Daniel & Julien Barraud Pouilly-Fuisse La Verchere 2013
"Daniel Barraud is without question one of the finest growers in all of the Mâconnais and there is a credible argument to be made that his remarkable consistency vaults him right to the very top of the list … this man almost never misses." --Alan Meadows, Burghound
Domaine Daniel et Julien Barraud is not only the source of Vergisson’s finest organic wines but also sets the standard for world-class white Burgundy from the Maconnais. The petit hamlet of Vergisson, with its high-altitude vineyards, is where the region’s finest wines are made.
The history of the Barraud family began in 1905. Jean-Marie Barraud, a sharecropper, installed himself in the village of Vergisson, in the Maconnais. He saved his earnings until in 1912, he was able to purchase vineyard land, the first parcels of the future Domaine Barraud.
Toward the end of the 1930s, the estate's second generation was bottling their own wines on the property, with the first wine from the legendary 'Les Crays' vineyard appearing in 1947.
In the 1970s, wines from the Maconnais were slowly being discovered by the wider world, both for their high quality and serious value when compared to white Burgundy from the Cote d'Or.
Winemaker Daniel Barraud -- the family's fourth generation -- and his wife Martine today are widely held as one of the top winemaking families in the region. Their son, Julien, began working at the domaine in 2006.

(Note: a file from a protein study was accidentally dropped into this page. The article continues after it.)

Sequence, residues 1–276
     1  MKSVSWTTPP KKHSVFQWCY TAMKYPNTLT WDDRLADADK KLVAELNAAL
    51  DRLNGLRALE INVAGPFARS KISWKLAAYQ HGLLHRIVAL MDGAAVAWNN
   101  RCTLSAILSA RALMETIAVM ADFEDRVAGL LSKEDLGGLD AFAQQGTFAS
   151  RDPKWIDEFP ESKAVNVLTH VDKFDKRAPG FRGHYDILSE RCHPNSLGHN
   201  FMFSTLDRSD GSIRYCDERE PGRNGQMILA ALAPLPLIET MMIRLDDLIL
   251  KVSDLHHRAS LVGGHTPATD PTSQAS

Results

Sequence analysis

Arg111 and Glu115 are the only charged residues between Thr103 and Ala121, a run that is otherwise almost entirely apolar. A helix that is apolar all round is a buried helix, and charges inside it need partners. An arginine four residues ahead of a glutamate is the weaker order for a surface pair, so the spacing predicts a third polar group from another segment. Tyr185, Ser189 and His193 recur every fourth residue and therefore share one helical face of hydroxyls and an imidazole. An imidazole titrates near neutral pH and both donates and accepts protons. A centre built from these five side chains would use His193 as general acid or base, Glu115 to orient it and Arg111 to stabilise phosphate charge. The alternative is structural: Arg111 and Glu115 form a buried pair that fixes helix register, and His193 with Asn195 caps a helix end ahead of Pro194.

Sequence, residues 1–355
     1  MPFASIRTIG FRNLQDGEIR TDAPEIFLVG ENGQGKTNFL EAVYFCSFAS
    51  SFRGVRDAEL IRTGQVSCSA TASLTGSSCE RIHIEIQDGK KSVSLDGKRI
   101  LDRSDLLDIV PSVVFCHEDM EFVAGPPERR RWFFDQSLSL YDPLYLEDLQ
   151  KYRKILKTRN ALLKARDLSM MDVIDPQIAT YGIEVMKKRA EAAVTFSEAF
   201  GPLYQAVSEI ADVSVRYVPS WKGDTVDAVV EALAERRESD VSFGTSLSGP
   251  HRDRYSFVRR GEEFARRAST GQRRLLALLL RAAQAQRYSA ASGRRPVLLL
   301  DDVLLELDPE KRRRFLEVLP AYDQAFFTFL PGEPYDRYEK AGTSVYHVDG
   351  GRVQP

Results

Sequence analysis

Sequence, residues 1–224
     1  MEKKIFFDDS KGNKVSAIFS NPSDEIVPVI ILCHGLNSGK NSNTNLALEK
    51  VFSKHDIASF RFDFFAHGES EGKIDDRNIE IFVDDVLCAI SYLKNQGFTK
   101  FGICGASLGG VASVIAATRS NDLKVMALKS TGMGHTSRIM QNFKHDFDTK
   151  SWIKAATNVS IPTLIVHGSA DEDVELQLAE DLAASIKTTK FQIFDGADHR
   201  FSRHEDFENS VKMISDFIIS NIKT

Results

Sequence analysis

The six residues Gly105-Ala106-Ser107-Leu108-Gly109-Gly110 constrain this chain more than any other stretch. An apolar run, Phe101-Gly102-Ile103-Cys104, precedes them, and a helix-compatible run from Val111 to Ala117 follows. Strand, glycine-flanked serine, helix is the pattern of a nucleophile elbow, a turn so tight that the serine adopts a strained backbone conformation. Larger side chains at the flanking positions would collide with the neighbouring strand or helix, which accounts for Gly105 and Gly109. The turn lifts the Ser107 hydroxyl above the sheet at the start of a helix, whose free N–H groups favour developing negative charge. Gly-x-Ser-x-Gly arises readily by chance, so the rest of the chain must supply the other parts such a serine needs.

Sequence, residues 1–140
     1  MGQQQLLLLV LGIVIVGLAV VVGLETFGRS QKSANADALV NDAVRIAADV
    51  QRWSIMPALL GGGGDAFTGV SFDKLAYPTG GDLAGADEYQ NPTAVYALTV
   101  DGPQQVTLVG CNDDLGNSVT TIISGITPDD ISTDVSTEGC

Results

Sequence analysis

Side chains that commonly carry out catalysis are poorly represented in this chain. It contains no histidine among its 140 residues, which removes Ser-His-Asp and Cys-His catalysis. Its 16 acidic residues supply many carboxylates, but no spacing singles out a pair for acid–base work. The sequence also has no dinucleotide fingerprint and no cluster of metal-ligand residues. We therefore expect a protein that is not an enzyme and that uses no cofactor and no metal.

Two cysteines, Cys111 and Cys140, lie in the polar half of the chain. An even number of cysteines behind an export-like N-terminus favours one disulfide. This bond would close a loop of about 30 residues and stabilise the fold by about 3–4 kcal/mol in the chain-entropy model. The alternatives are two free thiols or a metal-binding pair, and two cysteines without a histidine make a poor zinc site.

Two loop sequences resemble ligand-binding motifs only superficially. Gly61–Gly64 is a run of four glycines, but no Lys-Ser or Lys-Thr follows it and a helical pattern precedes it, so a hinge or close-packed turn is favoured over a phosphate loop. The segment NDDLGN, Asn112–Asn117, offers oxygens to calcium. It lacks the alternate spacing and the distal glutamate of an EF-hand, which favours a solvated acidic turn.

The source of some of the most sought-after white wines of the Mâconnais, Pouilly-Fuissé is produced exclusively from the Chardonnay grape and tends to be slightly richer in style than wines from its northern neighbor, the Côte de Beaune—mainly due to warmer weather. Wines from Pouilly-Fuissé have some versatility; they can be enjoyed young and can also often improve with a little time in the cellar. Pouilly-Fuissé wines are considered some of the best values for white Burgundy.
Similar to the Côte de Beaune, the soils of Pouilly-Fuissé are mainly limestone and clay. The appellation includes the communes of Fuissé, Solutré (which includes Pouilly), Vergisson and Chaintré. The richest Chardonnay comes from Fuissé and Solutré-Pouilly, whereas the Chardonnay at higher elevation, from Vergisson, expresses more minerality and finesse. Pairing Pouilly-Fuissé with lobster or King Crab will bring great joy not only to your palate—but also your pocketbook!
One of the most popular and versatile white wine grapes, Chardonnay offers a wide range of flavors and styles depending on where it is grown and how it is made. While it tends to flourish in most environments, Chardonnay from its Burgundian homeland produces some of the most remarkable and longest lived examples. California produces both oaky, buttery styles and leaner, European-inspired wines. Somm Secret—The Burgundian subregion of Chablis, while typically using older oak barrels, produces a bright style similar to the unoaked style. Anyone who doesn't like oaky Chardonnay would likely enjoy Chablis.